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‘Gukurahundi ideology’ still alive: Biti’s PDP

‘Gukurahundi ideology’ still alive: Biti’s PDP

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Published: 24 December 2015

ZIMBABWE – Tendai Biti’s PDP says national unity day celebrations remain meaningless for as long as Zanu PF’s Gukurahundi ideology remained alive and as long as President Robert Mugabe did not own up to the mass slaughter of an estimated 20,000 civilians in Matebeleland and Midlands provinces.

December 22 this year marks 28 years since President Mugabe and once bitter rival and Vice President, Joshua Nkomo (now late) signed the agreement which ended hostilities the wanton killings in the predominantly Ndebele western provinces.

But in a strongly worded statement on Monday, PDP secretary general Gorden Moyo chastised the veteran leader for keeping details of the Gukurahundi atrocities as a closely guarded secret.

Without official admission, full disclosure, and reparations, the annual ritual of commemorating the Unity Accord has become more and more meaningless to the generality of Zimbabweans and infuriating to the survivors of the Robert Mugabe inspired ideology of Gukurahundism, said the PDP.

The PDP said it never made sense for Mugabe’s regime to deploy a North Korean trained army unit to kill 20,000 civilians while reacting to the 1982 killing of six Western tourists. Mugabe’s government claims that the tourists were killed by dissidents but has never been able to prove the claim.

Unity Accord remains a questionable project, said the PDP.

Evidently, it is a very important date in the calendar of Zanu PF since it signifies its victory over PF Zapu as a nationalist opposition party and the appropriation of the most revered nationalist icon Joshua Nkomo.

Both PF Zapu and Joshua Nkomo represented a socio-political reality that did not derive its ontological density from Mugabe’s patronage or his patriotic historical narrative.

The PDP is adamant, despite pretentions to the contrary, the Zanu PF Gukurahundi ideology was still alive up to date and has often spewed calamities like the demolition of people’s houses.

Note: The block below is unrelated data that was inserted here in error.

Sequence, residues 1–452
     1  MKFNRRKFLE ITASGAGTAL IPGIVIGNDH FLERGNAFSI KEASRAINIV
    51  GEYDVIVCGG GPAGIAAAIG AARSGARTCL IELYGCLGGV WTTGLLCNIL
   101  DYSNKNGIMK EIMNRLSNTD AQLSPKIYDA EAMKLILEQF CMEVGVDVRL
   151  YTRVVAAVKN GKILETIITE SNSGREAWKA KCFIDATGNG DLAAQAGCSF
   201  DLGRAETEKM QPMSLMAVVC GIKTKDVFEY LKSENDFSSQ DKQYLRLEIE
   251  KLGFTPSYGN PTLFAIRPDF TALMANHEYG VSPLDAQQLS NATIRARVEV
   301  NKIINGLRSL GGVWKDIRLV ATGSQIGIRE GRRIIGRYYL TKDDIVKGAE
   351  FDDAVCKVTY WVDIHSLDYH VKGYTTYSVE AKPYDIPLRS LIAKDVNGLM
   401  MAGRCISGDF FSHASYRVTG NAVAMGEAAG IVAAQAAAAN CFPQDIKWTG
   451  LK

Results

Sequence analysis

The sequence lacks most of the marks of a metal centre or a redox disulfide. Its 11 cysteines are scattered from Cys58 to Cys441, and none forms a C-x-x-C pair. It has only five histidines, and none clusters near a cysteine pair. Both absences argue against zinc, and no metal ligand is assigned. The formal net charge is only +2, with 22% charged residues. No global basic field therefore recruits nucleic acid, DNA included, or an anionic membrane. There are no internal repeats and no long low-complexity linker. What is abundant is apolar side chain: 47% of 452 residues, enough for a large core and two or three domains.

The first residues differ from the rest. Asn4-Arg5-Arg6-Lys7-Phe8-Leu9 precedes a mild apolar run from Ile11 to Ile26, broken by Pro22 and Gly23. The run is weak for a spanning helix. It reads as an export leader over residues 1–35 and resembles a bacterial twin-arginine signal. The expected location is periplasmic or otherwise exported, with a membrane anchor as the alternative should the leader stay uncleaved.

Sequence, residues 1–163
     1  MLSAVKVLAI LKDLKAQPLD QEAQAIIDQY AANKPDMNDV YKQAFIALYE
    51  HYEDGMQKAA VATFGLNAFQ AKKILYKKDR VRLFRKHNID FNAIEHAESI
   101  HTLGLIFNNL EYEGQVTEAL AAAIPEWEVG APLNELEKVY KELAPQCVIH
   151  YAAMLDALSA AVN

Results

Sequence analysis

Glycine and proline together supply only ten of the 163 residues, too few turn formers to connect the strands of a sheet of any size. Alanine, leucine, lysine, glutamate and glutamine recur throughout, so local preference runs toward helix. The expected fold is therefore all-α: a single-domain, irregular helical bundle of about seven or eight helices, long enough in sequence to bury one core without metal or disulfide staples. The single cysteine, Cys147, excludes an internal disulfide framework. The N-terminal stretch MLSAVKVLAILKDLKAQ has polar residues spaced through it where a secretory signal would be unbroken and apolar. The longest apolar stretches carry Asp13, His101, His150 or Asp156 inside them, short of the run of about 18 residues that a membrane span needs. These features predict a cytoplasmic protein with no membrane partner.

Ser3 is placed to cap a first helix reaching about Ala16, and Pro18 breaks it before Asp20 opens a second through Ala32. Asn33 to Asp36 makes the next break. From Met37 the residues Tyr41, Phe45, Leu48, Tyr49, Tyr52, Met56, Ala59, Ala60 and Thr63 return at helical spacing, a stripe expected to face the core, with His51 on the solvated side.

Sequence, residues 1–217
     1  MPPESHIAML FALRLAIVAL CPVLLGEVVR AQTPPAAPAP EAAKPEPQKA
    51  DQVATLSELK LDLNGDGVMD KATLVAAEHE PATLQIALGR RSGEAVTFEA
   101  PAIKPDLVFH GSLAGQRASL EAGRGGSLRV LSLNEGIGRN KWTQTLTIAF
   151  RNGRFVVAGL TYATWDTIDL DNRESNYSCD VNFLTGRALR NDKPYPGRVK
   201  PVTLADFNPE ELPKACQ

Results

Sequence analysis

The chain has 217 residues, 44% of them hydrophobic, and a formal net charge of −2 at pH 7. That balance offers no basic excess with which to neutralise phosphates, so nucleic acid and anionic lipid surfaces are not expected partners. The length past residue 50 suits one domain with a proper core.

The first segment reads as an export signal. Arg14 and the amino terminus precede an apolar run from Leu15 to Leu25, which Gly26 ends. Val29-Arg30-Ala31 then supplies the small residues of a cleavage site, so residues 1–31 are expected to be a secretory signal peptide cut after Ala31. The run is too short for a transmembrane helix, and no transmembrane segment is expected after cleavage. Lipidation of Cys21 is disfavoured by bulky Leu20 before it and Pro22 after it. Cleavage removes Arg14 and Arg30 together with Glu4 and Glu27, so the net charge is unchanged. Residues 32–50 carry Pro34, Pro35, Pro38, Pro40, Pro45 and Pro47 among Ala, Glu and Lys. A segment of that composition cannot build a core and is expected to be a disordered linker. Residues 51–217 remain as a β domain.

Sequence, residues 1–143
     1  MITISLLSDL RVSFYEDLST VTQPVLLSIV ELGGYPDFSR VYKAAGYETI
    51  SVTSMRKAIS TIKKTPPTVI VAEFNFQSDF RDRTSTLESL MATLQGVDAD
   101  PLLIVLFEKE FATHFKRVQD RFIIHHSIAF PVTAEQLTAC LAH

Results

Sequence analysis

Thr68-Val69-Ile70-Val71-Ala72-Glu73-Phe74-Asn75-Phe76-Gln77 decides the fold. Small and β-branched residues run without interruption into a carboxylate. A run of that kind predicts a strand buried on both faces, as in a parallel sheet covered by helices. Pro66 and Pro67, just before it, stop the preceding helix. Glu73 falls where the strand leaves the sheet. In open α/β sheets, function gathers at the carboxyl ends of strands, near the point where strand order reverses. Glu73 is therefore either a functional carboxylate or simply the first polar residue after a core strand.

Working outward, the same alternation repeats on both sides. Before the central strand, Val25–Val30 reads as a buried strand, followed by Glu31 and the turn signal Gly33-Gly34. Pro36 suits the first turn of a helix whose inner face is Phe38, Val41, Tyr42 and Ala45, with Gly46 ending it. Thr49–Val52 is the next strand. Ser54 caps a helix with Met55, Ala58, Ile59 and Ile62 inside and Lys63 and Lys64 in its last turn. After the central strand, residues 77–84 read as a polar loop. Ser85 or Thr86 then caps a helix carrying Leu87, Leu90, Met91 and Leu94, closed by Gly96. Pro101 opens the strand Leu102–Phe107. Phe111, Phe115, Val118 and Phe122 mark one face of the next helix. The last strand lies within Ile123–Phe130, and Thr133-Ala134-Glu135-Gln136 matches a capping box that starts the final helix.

The party feels Matebeleland provinces have suffered under the Mugabe rule for rejecting the ruling party in national elections.

PDP insists national unity remained a misnomer in a country which has failed to get answers on the whereabouts of one of its own, Itai Dzamara some 200 days since he was seized near his Harare home for demanding good governance.

The nation needs closure to this dark chapter of its history,” said the PDP.

“Silence on the Gukurahundi issue has encouraged the perpetrators to continue to violate human rights in Zimbabwe with impunity.

“The sooner we make peace with that episode of our history the better for our national stability, reconciliation, unity and democracy. PDP believes that for true unity to prevail in Zimbabwe there must be a truth process and reparations of victims of Gukurahundi ideology of 1980s and the victims of the 3rd Chimurenga policy of the 2000s.

To this date, the culprits in the 1980s mass killings have yet to be brought to justice. In 2010, Genocide Watch recognised the killings as genocide and named VP Emmerson Mnangagwa, defence minister Sydney Sekeramayi, Mugabe and Air Marshal Perence Shiri as the chief architects of the killings.